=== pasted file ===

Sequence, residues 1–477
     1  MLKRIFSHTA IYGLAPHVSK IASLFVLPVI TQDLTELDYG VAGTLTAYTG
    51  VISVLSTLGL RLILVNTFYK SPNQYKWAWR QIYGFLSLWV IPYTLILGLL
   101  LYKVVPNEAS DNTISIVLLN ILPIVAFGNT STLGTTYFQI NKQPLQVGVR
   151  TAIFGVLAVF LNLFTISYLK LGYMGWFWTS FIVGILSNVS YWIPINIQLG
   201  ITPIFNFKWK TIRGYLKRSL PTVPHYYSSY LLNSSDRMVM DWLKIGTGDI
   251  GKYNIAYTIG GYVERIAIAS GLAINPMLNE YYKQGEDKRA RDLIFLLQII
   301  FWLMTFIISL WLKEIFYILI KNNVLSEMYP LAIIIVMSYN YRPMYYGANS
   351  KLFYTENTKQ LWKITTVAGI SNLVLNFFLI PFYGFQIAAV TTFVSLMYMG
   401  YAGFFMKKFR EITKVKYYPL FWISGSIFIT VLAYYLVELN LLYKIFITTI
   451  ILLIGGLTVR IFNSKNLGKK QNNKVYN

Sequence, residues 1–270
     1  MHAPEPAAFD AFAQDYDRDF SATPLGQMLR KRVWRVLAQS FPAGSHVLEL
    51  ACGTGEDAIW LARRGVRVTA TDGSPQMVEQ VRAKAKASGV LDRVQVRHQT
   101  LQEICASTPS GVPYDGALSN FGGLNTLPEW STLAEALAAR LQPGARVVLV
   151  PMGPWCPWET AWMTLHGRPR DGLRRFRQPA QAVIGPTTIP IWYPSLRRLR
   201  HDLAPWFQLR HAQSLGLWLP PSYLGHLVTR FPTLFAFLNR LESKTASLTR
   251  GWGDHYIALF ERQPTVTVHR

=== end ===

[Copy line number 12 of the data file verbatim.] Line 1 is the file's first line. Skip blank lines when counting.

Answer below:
Sequence, residues 1–270